Rough draft for partial fulfilment OF criminal law-1 ON THE TOPIC:- “relevance mens rea in satautory provisions” PRESENTED BY: - KUMAR MANGALAM
B.A.LLB, 3rd SEMESTER, 2nd YEAR
ROLL NO.:- 936
SUBMITTED TO: - father peter ladis
INTRODUCTION ABOUT THE TOPIC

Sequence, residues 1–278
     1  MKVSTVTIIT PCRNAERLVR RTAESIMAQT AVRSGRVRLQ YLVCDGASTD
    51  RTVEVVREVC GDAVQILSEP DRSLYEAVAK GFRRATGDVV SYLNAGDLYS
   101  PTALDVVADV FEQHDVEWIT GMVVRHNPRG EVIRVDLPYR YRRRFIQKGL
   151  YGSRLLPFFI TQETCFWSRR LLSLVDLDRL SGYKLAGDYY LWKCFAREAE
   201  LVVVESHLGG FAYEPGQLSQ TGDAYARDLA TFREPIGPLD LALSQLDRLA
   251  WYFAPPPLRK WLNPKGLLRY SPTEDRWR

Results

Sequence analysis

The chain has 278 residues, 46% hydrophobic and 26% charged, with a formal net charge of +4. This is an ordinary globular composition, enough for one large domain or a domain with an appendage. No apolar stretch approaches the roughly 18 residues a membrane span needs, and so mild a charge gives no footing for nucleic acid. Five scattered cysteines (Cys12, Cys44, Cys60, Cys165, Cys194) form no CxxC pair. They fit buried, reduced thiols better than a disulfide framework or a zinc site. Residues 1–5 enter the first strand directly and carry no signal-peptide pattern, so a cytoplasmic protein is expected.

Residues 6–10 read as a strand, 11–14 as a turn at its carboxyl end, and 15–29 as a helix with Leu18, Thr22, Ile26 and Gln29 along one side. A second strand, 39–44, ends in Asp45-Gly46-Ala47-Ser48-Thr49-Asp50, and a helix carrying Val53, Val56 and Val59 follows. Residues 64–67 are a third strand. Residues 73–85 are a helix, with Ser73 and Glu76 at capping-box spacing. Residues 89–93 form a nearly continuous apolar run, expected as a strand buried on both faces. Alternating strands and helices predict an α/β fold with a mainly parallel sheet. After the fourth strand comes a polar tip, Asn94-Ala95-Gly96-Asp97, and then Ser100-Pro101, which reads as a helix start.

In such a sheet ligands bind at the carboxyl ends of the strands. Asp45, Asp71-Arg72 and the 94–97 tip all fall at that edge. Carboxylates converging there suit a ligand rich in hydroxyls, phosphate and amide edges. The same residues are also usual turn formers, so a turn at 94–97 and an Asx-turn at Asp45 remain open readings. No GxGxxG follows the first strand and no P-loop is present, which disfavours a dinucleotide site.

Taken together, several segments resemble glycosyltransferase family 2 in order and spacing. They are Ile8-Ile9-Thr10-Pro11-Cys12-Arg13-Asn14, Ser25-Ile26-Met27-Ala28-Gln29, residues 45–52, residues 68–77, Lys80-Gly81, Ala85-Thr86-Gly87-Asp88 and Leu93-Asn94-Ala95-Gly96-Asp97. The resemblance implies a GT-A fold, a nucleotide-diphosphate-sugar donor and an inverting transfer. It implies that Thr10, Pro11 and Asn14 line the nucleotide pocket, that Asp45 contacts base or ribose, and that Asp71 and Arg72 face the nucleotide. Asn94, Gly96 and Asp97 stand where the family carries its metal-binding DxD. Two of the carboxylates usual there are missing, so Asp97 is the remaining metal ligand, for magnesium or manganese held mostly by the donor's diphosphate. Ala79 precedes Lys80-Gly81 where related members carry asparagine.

As a general rule, unless a person has committed the necessary ''actus reus'', one cannot be found guilty; nevertheless there are some exceptions. Now, it is suitable to see that ‘‘mens rea, in Anglo-American law, criminal intent or evil mind. In general, the definition of a criminal offense involves not only an act or omission and its consequences but also the accompanying mental state of the actor… '' The concept of mens rea developed in England during the latter part of the common-law era (about the year 1600) when judges began to hold that an act alone could not create criminal liability unless it was accompanied by a guilty state of mind. Today most crimes, including common-law crimes, are defined by statutes that usually contain a word or phrase indicating the mens rea requirement. A typical statute, for example, may require that a person act knowingly, purposely, or recklessly. Crimes involving mens rea are of two types, (i) crimes of basic intent and (ii) crimes of specific intent. Mens rea: Latin for "guilty mind"; guilty knowledge or intention to commit a prohibited act. Also: "a particular state of mind such as the intent to cause, or some foresight of, the results of the act or the state of affairs." There are various criminal acts done in society of present era, and if we did not look up to the actus Reus, and mens rea in combined manner then there will be many instances where the guilty person will escape from the penalty for his criminal act that he had done. So the reason behind the study of this topic is to find the correct use of mens rea in different statutory offences and to make the law helpful for the society as a whole. Ordinarily...
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